separate


separate
separately, adv.separateness, n.
v. /sep"euh rayt'/; adj., n. /sep"euhr it/, v., separated, separating, adj., n.
v.t.
1. to keep apart or divide, as by an intervening barrier or space: to separate two fields by a fence.
2. to put, bring, or force apart; part: to separate two fighting boys.
3. to set apart; disconnect; dissociate: to separate church and state.
4. to remove or sever from association, service, etc., esp. legally or formally: He was separated from the army right after V-E Day.
5. to sort, part, divide, or disperse (an assemblage, mass, compound, etc.), as into individual units, components, or elements.
6. to take by parting or dividing; extract (usually fol. by from or out): to separate metal from ore.
7. Math. to write (the variables of a differential equation) in a form in which the differentials of the independent and dependent variables are, respectively, functions of these variables alone: We can separate the variables to solve the equation. Cf. separation of variables.
v.i.
8. to part company; withdraw from personal association (often fol. by from): to separate from a church.
9. (of a married pair) to stop living together but without getting a divorce.
10. to draw or come apart; become divided, disconnected, or detached.
11. to become parted from a mass or compound: Cream separates from milk.
12. to take or go in different directions: We have to separate at the crossroad.
adj.
13. detached, disconnected, or disjoined.
14. unconnected; distinct; unique: two separate questions.
15. being or standing apart; distant or dispersed: two separate houses; The desert has widely separate oases.
16. existing or maintained independently: separate organizations.
17. individual or particular: each separate item.
18. not shared; individual or private: separate checks; separate rooms.
19. (sometimes cap.) noting or pertaining to a church or other organization no longer associated with the original or parent organization.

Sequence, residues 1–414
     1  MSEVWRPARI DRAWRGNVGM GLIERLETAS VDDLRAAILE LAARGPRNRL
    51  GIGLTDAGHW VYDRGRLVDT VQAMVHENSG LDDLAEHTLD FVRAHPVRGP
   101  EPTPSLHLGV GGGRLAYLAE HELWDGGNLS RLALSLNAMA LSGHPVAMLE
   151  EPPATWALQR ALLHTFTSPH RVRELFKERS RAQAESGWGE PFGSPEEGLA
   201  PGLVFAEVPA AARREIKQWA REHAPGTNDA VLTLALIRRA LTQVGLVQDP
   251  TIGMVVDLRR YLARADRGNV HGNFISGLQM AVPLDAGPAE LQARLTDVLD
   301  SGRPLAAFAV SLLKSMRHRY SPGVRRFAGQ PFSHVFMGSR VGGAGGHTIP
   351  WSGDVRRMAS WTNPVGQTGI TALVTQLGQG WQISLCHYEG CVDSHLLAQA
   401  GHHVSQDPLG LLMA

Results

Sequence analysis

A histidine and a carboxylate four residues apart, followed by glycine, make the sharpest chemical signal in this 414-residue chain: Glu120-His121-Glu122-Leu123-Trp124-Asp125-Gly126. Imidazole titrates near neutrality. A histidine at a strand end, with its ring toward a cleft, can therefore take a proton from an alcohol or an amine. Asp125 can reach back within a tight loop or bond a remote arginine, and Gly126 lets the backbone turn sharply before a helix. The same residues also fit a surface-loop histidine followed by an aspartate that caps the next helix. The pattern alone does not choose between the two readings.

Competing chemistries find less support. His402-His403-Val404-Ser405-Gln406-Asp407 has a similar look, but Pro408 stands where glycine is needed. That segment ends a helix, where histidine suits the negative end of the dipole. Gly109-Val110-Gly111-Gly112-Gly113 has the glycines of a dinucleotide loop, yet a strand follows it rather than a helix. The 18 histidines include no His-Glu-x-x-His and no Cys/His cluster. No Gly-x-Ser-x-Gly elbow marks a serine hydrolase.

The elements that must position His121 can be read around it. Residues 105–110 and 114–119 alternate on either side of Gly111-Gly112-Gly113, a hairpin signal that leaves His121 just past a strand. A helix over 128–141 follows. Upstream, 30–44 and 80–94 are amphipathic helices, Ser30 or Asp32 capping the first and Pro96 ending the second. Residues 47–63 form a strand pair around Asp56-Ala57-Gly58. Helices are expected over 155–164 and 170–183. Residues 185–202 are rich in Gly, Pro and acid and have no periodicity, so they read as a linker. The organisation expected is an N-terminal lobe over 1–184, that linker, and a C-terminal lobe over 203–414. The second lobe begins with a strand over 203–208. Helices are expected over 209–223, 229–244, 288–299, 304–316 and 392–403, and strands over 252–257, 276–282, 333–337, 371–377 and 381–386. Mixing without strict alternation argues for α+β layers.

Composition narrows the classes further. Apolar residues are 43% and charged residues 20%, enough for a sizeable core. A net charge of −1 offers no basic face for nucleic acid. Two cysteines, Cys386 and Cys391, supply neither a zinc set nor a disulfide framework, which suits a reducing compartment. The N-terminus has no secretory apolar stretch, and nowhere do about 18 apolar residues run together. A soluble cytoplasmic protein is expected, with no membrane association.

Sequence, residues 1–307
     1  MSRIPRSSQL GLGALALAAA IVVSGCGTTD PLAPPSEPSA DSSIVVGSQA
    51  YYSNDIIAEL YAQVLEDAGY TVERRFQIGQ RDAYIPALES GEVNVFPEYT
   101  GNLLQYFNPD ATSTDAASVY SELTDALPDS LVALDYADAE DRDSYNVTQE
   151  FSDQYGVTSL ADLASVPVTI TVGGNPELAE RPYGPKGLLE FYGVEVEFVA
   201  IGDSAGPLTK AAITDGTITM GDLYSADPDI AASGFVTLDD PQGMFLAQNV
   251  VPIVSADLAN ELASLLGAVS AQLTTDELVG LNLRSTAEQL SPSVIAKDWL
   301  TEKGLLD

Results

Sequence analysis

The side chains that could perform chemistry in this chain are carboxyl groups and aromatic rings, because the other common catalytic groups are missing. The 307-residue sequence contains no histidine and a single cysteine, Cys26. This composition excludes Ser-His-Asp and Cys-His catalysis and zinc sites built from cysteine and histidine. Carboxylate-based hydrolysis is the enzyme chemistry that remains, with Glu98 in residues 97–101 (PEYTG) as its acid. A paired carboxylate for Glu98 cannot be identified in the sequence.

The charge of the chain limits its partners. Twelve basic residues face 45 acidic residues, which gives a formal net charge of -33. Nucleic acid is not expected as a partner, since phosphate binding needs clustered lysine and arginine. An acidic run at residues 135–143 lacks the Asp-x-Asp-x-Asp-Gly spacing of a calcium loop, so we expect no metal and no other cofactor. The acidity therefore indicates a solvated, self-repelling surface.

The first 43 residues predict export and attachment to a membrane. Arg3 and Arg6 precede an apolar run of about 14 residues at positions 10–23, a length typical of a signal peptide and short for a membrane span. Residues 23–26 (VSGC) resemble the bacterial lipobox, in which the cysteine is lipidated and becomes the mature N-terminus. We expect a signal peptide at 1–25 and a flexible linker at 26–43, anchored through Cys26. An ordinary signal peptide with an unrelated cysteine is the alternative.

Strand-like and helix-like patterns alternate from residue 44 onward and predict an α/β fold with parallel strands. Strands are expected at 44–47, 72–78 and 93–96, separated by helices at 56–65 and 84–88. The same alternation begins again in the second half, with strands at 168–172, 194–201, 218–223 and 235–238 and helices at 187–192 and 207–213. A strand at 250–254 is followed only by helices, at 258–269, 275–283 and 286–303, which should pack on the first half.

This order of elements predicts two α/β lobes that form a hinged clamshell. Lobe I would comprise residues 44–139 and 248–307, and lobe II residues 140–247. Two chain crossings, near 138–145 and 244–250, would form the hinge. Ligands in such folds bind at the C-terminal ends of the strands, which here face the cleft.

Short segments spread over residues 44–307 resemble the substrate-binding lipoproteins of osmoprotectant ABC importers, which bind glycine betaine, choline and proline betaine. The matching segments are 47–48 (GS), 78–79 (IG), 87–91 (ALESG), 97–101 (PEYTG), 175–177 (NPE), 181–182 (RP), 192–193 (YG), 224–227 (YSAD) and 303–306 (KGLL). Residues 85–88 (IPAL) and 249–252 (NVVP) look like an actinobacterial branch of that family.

n.
20. Usually, separates. women's outer garments that may be worn in combination with a variety of others to make different ensembles, as matching and contrasting blouses, skirts, and sweaters.
21. offprint (def. 1).
22. a bibliographical unit, as an article, chapter, or other portion of a larger work, printed from the same type but issued separately, sometimes with additional pages.
[1400-50; late ME (n. and adj.) < L separatus (ptp. of separare), equiv. to se- SE- + par(are) to furnish, produce, obtain, PREPARE + -atus -ATE1]
Syn. 1, 2. sever, sunder, split. SEPARATE, DIVIDE imply a putting apart or keeping apart of things from each other. To SEPARATE is to remove from each other things previously associated: to separate a mother from her children. To DIVIDE is to split or break up carefully according to measurement, rule, or plan: to divide a cake into equal parts. 3. disjoin, disengage. 13. unattached, severed, discrete. 15. secluded, isolated. 16. independent.
Ant. 1-3. unite, connect.

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Universalium. 2010.

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